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Q*Bert

Q*BertThe Game: Q*Bert, a nosey little guy with a propensity for hopping, spends his time hopping around a three-dimensional pyramid of cubes, avoiding Coily the Snake and other assorted purple and red creatures, including a few who operate on a slightly different plane (i.e., they move down the pyramid as if it were rotated See the videoBuy this gameone-third). Any green objects and creatures Q*Bert can catch will not hurt him – in fact, the little bouncing green balls will stop time briefly for everyone but Q*Bert. If he gets into a tight spot, Q*Bert can jump off the pyramid onto a flying disc which will despoit him back at the top of the pyramid – and lure Coily to a nasty fate by jumping into nothing. Changing the colors of the top of every cube in the pyramid to the target color indicated at the top left of the screen will clear the pyramid and start the craziness all over again. If Q*Bert is hit by an enemy or falls off the pyramid, he hits bottom with a resounding, arcade- cabinet-shaking splat and a burst of incomprehensible obscenity! (Gottlieb/Mylstar, 1982)

Memories: So many arcade games looked like hits and smelled like hits before they actually got an arcade road test, and this archive is itself littered with screenshots of wanna-be hits where every name, graphic and sound were trademarked. Because someone was sure that, for example, Winky from Venture would be a runaway hit. Q*Bert is a case where that optimism – and the marketing muscle behind it – was perfectly justified. With a game concept by Warren Davis, memorable characters from Gottlieb staff artist Jeff Lee and wacky jumbled-synthesized-speech effects by David Thiel, Q*Bert was one of those games that went into orbit instantly. It was almost universally loved and talked-about, and you could count on quite a line at the Q*Bert machine at your local arcade. And this is a rare case where I’ll admit, even in jaded hindsight, that all the praise was so worth it. Continue reading

Q*Bert

Q*BertThe Game: Q*Bert, a nosey little guy with a propensity for hopping, spends his time hopping around a three-dimensional pyramid of cubes, avoiding Coily the Snake and other assorted purple and red creatures, including a few who operate on a slightly different plane (i.e., they move down the pyramid as if it were rotated one-third). Changing the colors of the top of every cube in the pyramid to the target color indicated at the top left of the screen will clear the pyramid and start the craziness all over again. If Q*Bert is hit by an enemy or falls off the pyramid, he hits bottom with a resounding, arcade- cabinet-shaking splat and a burst of incomprehensible obscenity! (Parker Brothers, 1983)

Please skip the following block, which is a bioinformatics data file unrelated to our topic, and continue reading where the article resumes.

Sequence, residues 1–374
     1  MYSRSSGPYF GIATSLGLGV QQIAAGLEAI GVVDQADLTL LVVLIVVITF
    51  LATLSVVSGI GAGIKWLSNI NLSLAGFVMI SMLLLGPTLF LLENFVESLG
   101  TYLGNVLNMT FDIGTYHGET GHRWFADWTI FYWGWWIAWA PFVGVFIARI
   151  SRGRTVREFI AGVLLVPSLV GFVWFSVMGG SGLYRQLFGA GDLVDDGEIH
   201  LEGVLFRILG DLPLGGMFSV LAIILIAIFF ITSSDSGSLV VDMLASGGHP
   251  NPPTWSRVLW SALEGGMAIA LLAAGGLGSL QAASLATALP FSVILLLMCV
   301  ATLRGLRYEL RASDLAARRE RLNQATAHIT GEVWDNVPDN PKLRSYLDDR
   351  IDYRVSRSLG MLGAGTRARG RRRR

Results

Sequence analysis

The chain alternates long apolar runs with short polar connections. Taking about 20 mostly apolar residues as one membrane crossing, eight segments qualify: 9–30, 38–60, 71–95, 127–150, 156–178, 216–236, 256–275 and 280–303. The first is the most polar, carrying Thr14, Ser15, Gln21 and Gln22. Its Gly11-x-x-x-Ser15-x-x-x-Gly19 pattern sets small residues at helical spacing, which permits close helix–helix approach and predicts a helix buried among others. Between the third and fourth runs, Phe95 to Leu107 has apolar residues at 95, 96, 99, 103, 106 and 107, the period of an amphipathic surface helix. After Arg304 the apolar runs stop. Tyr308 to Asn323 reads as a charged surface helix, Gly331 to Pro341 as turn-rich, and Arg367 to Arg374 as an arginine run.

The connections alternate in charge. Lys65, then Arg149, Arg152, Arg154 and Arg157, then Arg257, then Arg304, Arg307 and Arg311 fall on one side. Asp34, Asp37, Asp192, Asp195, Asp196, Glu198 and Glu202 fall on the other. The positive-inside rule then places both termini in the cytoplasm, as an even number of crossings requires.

Memories: With a huge advantage over the other consoles of its generation, the Colecovision should’ve been able to play the best game of Q*Bert in town. And the graphics are probably the best console rendition that the game got prior to the NES era. Where this Q*Bert makes one want to jump off the pyramid is in the controller. Continue reading

Q*Bert’s Qubes

Q*Bert's QubesThe Game: Q*Bert is back, hopping around from cube to cube, rotating the cubes 90 degrees with every hop…but a nasty bouncing rat and his minions are out to get the big Q. If one of the rat’s henchmen hops onto a cube whose top surface is the same color as its skin, it melts into the cube harmlessly. Q*Bert must change at See the videoleast one row of cubes to the target color to advance to the next level – and there aren’t any flying discs this time! (Parker Brothers, 1984)

Memories: Thanks to a quirk of distribution more than anything, Q*Bert’s Qubes is one of the rarest and most valuable games for the Atari 2600. In the post-crash world of unhealable deep-cut discounts, some retailers decided to get out of the video game “fad” as soon as they could possibly get out from under the inventory. As a result, the final few Parker Brothers game cartridges wound up being sold almost exclusively through Sears. (As the retail chain that invested heavily in such products as Atari’s original home Pong console, Sears had more of a stomach for staying with the video game industry than most, but even then they balked a bit as the Atari gravy train went off the rails.) Continue reading

Q*Bert 3

Q*Bert 3The Game: Q*Bert, a nosey little guy with a propensity for hopping, spends his time hopping around a three-dimensional pyramid of cubes, avoiding Coily the Snake and other assorted purple and red creatures, including a few who operate on a slightly different plane (i.e., they move down the pyramid as if it were rotated one-third). Changing the colors of the top of every cube in the pyramid to the target color indicated at the top left of the screen will clear the pyramid and start the craziness all over again. If Q*Bert is hit by an enemy or falls off the pyramid, he hits bottom with a resounding, arcade- cabinet-shaking splat and a burst of incomprehensible obscenity! (NTVIC, 1992)

Memories: Released a full decade after the original game, Q*Bert 3 for the SNES seems to draw its inspiration in equal measure from the 1982 arcade classic and the Game Boy version by Jaleco, which broke the arcade game’s “pyramid of cubes” mold and brought newer, more challenging shapes to the table to confound long-timers who thought they had the game licked. Continue reading

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